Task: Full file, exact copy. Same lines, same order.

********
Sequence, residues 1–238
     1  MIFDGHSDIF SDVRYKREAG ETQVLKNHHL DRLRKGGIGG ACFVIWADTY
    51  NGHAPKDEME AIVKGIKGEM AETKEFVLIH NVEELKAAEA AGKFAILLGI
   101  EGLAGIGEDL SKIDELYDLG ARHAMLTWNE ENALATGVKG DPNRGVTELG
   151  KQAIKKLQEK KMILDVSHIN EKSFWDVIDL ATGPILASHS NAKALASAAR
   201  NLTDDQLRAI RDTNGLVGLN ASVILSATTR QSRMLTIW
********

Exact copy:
Sequence, residues 1–238
     1  MIFDGHSDIF SDVRYKREAG ETQVLKNHHL DRLRKGGIGG ACFVIWADTY
    51  NGHAPKDEME AIVKGIKGEM AETKEFVLIH NVEELKAAEA AGKFAILLGI
   101  EGLAGIGEDL SKIDELYDLG ARHAMLTWNE ENALATGVKG DPNRGVTELG
   151  KQAIKKLQEK KMILDVSHIN EKSFWDVIDL ATGPILASHS NAKALASAAR
   201  NLTDDQLRAI RDTNGLVGLN ASVILSATTR QSRMLTIW